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How to Record High Quality Audio for Film & TV

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Read Time: 4 min

I’ve been a professional sound engineer for 18 years, so when I got involved in making an independent movie, I thought recording the audio shouldn’t present too many problems. How wrong I was. Here’s how to avoid all the mistakes I made, and record high quality audio for your movies.

Thumbnail image via lucky kidXX.

There’s a pretty important decision you need to make before you start filming anything, and that is whether you want to record your audio onto the video tape or not. Whether it’s MiniDV, HDV, DVCPro or one of the new tapeless systems, you get the choice of recording onto the camera, or onto an external device like a hard disk recorder or even a laptop.

Both methods have their advantages. The mic amps on even good quality Digital Video Cameras aren’t that great, but audio captured on the camera is already in sync (pretty much) and far easier to keep track of. Then again, cameras generally only have 2 channels of audio, sometimes 4, but with an external device you can have as many channels of audio as you like.

We decided to record our audio on the camera, just to keep things as easy as possible.

Next, you’re going to need mics. Ditch the mic that came with your camera. Even good cameras have so-so microphones on them. Get yourself a decent shotgun condenser. They start at about $300 for a good one, but you can spend as much as you like. Get the best you can afford. If budget allows, get a wireless tie-clip mic too. These can be hidden on the actors and capture a very clean sound.

All you need now is a boom pole for your mic. You can make one (there are plenty of websites that can show you how) or buy one. Even the cheapest ones work very well. A really important device is the suspension mount for the mic - these stop physical knocks and jolts from ending up as rumbles that get into your recordings. A large majority of these come from just handling the boom pole.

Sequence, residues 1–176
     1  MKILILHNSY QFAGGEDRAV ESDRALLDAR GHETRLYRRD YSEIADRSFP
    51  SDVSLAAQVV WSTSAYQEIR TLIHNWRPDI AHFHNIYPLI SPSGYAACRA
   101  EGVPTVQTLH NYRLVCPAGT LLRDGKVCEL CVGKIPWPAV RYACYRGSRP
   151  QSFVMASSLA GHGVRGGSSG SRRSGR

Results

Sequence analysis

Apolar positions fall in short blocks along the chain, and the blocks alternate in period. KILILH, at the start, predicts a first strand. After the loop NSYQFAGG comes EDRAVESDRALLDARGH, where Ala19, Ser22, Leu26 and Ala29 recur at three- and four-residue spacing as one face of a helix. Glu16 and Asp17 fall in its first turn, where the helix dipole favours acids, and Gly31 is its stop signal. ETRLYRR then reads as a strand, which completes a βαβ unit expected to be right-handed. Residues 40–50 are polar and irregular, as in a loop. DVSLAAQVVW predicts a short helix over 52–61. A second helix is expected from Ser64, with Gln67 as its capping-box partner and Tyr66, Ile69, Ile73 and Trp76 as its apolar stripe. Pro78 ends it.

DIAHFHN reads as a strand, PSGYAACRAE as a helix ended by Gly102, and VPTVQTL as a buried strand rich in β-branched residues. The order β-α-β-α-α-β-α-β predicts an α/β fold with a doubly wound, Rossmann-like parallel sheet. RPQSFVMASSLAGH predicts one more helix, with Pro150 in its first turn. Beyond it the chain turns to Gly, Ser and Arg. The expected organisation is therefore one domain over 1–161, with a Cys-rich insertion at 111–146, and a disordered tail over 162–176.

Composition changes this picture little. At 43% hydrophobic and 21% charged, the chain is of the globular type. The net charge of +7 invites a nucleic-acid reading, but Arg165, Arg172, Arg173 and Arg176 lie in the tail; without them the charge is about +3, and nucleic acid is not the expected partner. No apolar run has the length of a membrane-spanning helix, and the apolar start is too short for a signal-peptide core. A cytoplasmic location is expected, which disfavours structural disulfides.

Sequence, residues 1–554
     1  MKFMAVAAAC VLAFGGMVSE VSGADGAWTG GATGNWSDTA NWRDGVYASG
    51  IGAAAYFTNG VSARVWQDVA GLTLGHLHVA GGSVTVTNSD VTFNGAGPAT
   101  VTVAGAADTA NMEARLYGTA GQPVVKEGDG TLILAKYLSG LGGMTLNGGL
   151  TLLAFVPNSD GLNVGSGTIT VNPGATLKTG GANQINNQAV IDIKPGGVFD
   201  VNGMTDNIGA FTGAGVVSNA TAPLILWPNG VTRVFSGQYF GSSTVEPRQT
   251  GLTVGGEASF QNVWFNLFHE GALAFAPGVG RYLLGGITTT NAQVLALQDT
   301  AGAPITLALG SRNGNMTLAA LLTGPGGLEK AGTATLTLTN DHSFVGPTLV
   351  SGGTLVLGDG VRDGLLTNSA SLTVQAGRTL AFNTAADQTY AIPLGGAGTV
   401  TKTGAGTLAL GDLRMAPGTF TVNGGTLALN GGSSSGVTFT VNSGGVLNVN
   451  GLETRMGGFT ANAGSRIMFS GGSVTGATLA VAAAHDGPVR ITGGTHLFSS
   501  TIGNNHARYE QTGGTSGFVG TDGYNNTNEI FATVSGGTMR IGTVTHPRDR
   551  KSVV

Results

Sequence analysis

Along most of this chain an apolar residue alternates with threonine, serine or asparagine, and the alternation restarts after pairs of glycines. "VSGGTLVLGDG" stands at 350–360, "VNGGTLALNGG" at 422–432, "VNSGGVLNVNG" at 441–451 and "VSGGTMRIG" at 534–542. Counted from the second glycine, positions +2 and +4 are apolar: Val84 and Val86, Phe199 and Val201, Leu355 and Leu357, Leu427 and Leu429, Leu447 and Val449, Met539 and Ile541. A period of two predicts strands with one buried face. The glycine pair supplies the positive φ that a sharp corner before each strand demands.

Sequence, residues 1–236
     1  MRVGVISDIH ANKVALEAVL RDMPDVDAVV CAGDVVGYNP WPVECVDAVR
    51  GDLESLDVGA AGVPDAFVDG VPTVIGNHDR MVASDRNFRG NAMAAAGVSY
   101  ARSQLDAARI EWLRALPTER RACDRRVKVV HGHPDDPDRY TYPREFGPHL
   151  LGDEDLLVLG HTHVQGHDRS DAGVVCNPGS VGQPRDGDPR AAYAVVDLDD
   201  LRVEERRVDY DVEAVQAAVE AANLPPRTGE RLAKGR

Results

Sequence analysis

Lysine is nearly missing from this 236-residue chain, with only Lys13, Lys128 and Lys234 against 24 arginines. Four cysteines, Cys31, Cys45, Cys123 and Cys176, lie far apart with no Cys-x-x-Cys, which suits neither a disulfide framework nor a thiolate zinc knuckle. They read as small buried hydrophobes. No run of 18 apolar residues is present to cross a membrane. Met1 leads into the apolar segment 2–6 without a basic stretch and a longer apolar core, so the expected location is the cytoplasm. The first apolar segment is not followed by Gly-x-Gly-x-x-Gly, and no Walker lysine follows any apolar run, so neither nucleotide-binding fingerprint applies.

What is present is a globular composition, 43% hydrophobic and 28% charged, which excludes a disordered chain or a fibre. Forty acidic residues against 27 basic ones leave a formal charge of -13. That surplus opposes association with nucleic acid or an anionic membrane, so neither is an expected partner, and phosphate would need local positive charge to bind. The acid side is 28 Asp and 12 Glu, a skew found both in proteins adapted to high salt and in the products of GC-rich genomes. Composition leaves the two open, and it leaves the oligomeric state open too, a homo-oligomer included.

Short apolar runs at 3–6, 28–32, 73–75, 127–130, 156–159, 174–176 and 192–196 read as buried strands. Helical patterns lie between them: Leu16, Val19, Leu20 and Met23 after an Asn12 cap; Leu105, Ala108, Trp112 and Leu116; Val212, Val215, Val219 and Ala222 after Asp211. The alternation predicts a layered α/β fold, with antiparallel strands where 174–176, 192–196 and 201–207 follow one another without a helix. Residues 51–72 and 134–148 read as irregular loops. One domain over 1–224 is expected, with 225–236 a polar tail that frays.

You will also need a fluffy cover for your mic to stop the wind from giving you trouble. There are plenty of these on the market, but the market leaders are expensive, and in my experience are worth the money as they do a much better job.

Finally, you’ll need a decent set of headphones. I use Beyer DT100s. Anything with a decent frequency response will be fine, but I find a closed design works much better when shooting in noisy environments.

You’ll find that holding the mic just out of shot is quite tricky, but you need to perfect the art as the more distance you put between the mic and the actor or actress, the more of the ‘room sound’ you will pick up. This can be bad.

Take the time to listen to a few test recordings form your set. You might need to damp the set with blankets and foam (out of sight of the camera, of course) in order to get a dry enough signal to tape. The tie-clip mic will really help when you’ve got less than ideal acoustics on set as it is close enough to get the voice loud and clear without too much ambience.

Operating the boom takes practice. You need to point the mic directly at the mouth of whoever is speaking. If it’s a conversation, you need to rotate or turn the mic to each speaker in succession. It’s quite hard to do, but the results when it’s done properly are far better than just getting the mic roughly in the right place.

Here are a few tips I picked up along the way:

  1. Make sure the director and crew know not to shout “cut” or anything else until the scene is properly over. You need a little gap after the last line to make the edit easier.
  2. Make everyone on set turn their mobile phone off.
  3. Check the set for squeaky chairs and floorboards - deal with them before you start shooting.
  4. Capture at least one minute of room tone before or after you’ve finished the scene. Room tone is the noise of the set without any dialogue. It comes in really handy during the edit for patching takes together.
  5. Do a site visit to any outdoor sets. Traffic noise, building sites and other odd noises can make a set unusable.

Always check the audio before anyone leaves the set, just in case you need to do it again. It’s too late once they’ve gone and the set is no longer available!

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